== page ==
On a somewhat related topic: I used to sit and wait and wait forever for my point and shoot to focus in the dark for home type snaps. I happened to read about a great photographer (Alex Majoli) who uses point and shoots for war and a lot of other types of photography, and his methods of using those went to DOF master and looked up my P+S cameras...and wondered what I'd been doing when smaller sensor cameras had such a tremendously deep DOF compared to my DSLR (which focuses reasonably fast in low light). The bigger sensors are of course lower in number in COC but I never had a clue before that if I kept my Fstops up (numerically) as much as possible, and my lens as wide as much DOF I could get just pre-focusing and using manual aperture and shutter settings for flash and still get acceptably in focus shots with a point and shoot (diffraction can become a real problem for them and many are limited to F8 or F11). I think a lot of street shooters like Bresson used to do this(pre-focus) with his Leica, and think in bringing this up you've done a service...since so few people use this method...or think too much about it. I, like Doug, have read that it isn't exactly accurate always...more like "reasonably accurate"...I would imagine with a full frame high resolution camera like yours you'd notice the limits more quickly than those like me with 1.5-1.6 cropped DSLR's...or my small sensor point and shoots for sure...and like Doug says the bigger you enlarge, the more you'll notice that maybe something won't be extremely in focus. But for those of you with point and shoots that focus slowly for flash photography, set your lens wide - f stops as high as your flash allows (external flash helps with this) get close, do the walkingzoom - set your focus manually say at 4-5 feet and be surprised at the results (it also eliminates a lot of lag). This method even for outdoor shots, has turned my "point and shoot" cameras into completely different cameras...when set to an aperture priority setting that allows for fast enough shutter speed, the zoom on a wider setting and the focus on a predetermined manual length (some point and shoots don't have manual focus though) The difference in lag is truly astounding..but then I'm not blowing my point and shoot photos up to poster size usually. The trade off with them to me is more than worth it. I honestly haven't tried it with my DSLR yet...but will..out of more or less necessity if I get some adapters and manual focus lenses (especially if they have no DOF scales).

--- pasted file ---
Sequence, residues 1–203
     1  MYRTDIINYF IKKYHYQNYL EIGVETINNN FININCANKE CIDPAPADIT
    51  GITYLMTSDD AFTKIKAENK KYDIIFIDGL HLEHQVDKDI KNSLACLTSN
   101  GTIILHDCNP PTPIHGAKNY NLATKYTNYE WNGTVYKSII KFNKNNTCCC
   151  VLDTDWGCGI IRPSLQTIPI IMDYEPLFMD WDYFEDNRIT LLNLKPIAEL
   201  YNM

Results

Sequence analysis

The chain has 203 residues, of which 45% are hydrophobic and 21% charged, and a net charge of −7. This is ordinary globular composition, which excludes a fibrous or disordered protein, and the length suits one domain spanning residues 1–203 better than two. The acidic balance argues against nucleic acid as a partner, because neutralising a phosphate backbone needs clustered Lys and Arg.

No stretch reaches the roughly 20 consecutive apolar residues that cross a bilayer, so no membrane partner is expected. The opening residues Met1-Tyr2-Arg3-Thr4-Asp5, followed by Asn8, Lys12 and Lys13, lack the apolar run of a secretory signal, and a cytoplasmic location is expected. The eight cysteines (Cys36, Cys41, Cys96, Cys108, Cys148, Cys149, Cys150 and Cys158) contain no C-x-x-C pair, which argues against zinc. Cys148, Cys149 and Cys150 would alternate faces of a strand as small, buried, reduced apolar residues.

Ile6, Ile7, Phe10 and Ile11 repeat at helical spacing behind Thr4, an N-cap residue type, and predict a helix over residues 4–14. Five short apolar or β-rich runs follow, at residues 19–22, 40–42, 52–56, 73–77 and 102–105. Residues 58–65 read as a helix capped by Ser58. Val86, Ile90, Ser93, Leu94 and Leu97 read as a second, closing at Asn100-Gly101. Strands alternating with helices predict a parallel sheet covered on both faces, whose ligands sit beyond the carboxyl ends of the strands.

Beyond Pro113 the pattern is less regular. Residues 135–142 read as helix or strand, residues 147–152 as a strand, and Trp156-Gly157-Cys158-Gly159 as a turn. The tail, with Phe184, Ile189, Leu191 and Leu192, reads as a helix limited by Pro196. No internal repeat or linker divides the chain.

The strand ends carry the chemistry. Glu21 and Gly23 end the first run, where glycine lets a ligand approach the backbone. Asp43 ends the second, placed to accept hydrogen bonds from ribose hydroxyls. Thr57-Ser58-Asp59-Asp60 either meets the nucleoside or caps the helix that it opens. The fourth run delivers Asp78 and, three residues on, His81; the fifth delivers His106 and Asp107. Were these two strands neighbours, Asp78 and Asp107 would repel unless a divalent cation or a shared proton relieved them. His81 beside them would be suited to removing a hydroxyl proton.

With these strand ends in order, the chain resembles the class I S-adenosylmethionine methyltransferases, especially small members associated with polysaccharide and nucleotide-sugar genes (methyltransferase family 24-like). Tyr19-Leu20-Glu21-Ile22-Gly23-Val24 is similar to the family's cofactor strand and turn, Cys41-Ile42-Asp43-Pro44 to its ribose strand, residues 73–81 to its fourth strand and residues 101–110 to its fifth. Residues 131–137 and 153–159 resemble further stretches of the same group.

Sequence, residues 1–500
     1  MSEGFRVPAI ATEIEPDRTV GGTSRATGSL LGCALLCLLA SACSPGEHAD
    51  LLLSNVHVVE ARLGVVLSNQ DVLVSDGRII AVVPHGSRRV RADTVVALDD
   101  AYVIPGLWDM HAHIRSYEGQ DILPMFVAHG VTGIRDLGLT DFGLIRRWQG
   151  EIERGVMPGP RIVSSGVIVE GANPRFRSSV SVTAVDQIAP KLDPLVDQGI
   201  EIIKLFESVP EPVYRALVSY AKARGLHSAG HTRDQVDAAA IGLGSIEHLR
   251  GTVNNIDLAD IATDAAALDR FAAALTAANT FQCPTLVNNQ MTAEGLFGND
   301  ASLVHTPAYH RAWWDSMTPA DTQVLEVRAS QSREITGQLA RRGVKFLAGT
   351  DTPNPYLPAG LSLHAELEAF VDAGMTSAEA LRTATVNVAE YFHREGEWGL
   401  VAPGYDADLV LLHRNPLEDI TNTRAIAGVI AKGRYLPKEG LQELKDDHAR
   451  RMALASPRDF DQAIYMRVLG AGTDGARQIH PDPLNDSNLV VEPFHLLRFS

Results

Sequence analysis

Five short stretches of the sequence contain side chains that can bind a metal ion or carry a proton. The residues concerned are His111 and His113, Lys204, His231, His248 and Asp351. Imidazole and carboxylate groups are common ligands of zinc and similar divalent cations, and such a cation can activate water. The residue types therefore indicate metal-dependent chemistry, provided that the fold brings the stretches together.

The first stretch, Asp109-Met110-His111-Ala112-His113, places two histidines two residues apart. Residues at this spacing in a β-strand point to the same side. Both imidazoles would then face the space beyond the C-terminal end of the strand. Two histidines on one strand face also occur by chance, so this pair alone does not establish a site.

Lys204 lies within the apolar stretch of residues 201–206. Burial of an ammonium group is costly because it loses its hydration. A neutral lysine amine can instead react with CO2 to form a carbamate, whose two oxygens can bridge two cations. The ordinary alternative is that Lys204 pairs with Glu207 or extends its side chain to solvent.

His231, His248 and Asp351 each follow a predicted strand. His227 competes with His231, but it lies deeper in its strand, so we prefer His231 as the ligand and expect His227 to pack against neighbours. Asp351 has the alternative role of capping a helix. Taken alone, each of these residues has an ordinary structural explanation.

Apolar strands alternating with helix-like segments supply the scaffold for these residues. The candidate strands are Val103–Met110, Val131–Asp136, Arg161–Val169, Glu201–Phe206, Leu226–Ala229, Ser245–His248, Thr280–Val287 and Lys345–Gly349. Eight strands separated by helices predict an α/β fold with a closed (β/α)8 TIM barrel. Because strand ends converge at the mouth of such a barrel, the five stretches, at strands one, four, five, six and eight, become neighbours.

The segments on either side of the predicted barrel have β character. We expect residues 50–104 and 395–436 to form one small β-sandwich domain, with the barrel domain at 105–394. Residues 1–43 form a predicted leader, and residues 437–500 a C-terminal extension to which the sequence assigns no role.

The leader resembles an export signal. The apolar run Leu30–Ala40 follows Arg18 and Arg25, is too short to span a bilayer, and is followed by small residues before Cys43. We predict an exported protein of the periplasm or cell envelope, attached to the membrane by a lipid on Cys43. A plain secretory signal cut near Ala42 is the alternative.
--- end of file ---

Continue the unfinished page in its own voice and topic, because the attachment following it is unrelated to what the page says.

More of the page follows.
I've seen some incredible results with focus stacking too, it's very tedious though from what I've heard, and don't know for positive but think any movement ruins it... but can have great results DOF wise.
To the OP... There is a DOF wheel at DOF Master that you can construct yourself which is very handy for field use, and hyperfocal charts that you can download and print. It's a great site...and has really opened up my eyes (well they are starting to open) to what's possible and what may not be. Yep like Doug says...anywhere from 'around' 9 feet to infinity should be in reasonable or acceptable focus at a a hyperfocal length of 18 feet...depending on how critical you are, or how big the print will be.